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  HOME | Arts & Entertainment

Fuentes’s New Novel Chronicles Mexico’s Drug Underworld

By Mercedes Bermejo and Ana Mendoza

MADRID – Mexican writer Carlos Fuentes tends to reflect the realities of his country in his books, but never to the extent that he does in his latest novel, “Adan en Eden” (Adam in Eden), a journalistic report on drug trafficking and political corruption in Mexico to be published in November.

“It’s a novel-reportage, very journalistic,” that tells “how the country is being undermined by drug traffickers and by different kinds of corruption,” Fuentes said Monday in an interview with Efe, a few hours before receiving the Gonzalez-Ruano Journalism Prize awarded by the Mapfre Foundation.

One of the quintessential figures of Latin American letters, the writer won the award for his article “El Yucatan de Lara Zavala,” published in Mexico City’s daily Reforma on April 7, 2008, in which he ponders the relationship between history and the novel, because for the author of “La Muerte de Artemio Cruz” (The Death of Artemio Cruz), that connection is “inevitable.”

“There have been times without novels, but never a novel that does not somehow reflect the times. And dealing with the times is to deal with history,” said Carlos Fuentes, whose constant activity and the relaxed appearance he showed Monday make it hard to believe that he will soon turn 81.

Though the writer announced months ago that he had almost finished a novel about the Colombian guerrilla Carlos Pizarro, on Monday he surprised Efe with the imminent launch of “Adan en Eden,” a book of 160 pages to be presented in November in Santiago and afterwards at the Guadalajara (Mexico) Book Fair. Months later it will be published in Spain.

In “Adan en Eden” the novelist explores Mexico’s current realities “as in no other novel.” The narrator is “a powerful businessman” who, seeing the damage that drug trafficking is causing his country, “decides to beat drug traffickers and criminals at their own game, becoming an even bigger criminal than they are.”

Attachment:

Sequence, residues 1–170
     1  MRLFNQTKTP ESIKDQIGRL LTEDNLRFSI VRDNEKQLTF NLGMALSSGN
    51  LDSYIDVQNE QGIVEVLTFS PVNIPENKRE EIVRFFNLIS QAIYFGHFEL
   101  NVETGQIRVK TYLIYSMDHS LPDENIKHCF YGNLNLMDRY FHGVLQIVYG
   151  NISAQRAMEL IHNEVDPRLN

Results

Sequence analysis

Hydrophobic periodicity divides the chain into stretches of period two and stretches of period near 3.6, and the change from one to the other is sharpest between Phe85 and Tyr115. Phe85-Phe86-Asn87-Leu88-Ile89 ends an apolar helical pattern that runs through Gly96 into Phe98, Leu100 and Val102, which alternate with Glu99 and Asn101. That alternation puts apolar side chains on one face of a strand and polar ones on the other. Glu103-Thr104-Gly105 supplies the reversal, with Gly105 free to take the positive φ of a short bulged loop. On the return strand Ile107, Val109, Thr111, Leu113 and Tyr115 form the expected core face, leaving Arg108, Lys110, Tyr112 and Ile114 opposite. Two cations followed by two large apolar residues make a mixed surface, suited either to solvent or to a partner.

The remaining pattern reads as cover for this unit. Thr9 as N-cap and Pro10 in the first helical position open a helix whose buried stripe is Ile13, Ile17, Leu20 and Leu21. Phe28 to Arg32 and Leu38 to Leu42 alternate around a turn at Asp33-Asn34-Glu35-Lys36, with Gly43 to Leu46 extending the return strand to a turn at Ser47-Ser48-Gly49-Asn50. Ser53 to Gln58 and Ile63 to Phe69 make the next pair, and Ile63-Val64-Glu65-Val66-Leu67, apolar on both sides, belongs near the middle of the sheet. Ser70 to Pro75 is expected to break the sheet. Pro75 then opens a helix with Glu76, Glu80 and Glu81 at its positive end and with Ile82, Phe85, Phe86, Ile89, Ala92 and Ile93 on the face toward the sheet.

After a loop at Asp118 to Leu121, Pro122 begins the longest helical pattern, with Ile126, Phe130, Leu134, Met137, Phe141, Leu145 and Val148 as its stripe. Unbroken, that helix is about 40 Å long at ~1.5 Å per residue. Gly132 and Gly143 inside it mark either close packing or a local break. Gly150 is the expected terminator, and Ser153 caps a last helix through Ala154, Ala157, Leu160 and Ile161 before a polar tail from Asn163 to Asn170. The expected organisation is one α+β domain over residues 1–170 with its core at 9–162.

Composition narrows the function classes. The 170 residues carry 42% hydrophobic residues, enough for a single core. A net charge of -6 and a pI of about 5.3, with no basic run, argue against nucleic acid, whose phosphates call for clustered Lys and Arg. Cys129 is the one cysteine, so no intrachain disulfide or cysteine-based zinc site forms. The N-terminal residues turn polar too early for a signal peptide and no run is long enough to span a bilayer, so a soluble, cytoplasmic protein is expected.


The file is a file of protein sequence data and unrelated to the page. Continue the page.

“And how does he do it? You’ll see,” Fuentes said slyly. He seldom reveals the content of his books, but he did acknowledge his “great concern” at the unstoppable advance of drug cartels and crime in his country.

“Mexico is the new frontier of the drug trade. Colombia was for a long time, but then it came to my country, which is very convenient for drug traffickers because of its proximity to the United States,” Fuentes said, adding that “if there were no U.S. demand, there would be no Mexican supply.”

The author of “La Region Mas Transparente” (Where the Air is Clear) and “Terra Nostra” tends to back the administration of U.S. President Barack Obama, but does not believe that “even he,” a politician with good intentions, dares to decriminalize drugs in his country.”

“The ‘religious’ spirit of Americans would not allow it, because how are you going to legalize crime?” asked Fuentes, who on several occasions has shown his support for decriminalizing drugs worldwide.

At the same time the novelist, usually very critical of Felipe Calderon, was “excited” by the proposal made by the Mexican president on Sept. 1 in his speech opening the new Congress, given that it did not focus solely on combating drugs but also on the need to “improve education, expand the job market and end public and private monopolies in Mexico.”

The continent’s interest in literature has led the author of “La Voluntad y la Fortuna” (Will and Fortune) to write an essay on “La Novisima Novela Latinoamericana” (The Innovative Latin American Novel), which, he said, will be published in English in the United States.

Young Latin American writers “are saying that there is a new society that no longer corresponds to the old cliches and commonplaces,” the Cervantes Prize winner said, adding that, compared with “the search for identity” that characterized previous generations of authors, novelists today reflect “diversity.”

“And that’s a very big change,” the author said. EFE
 

 

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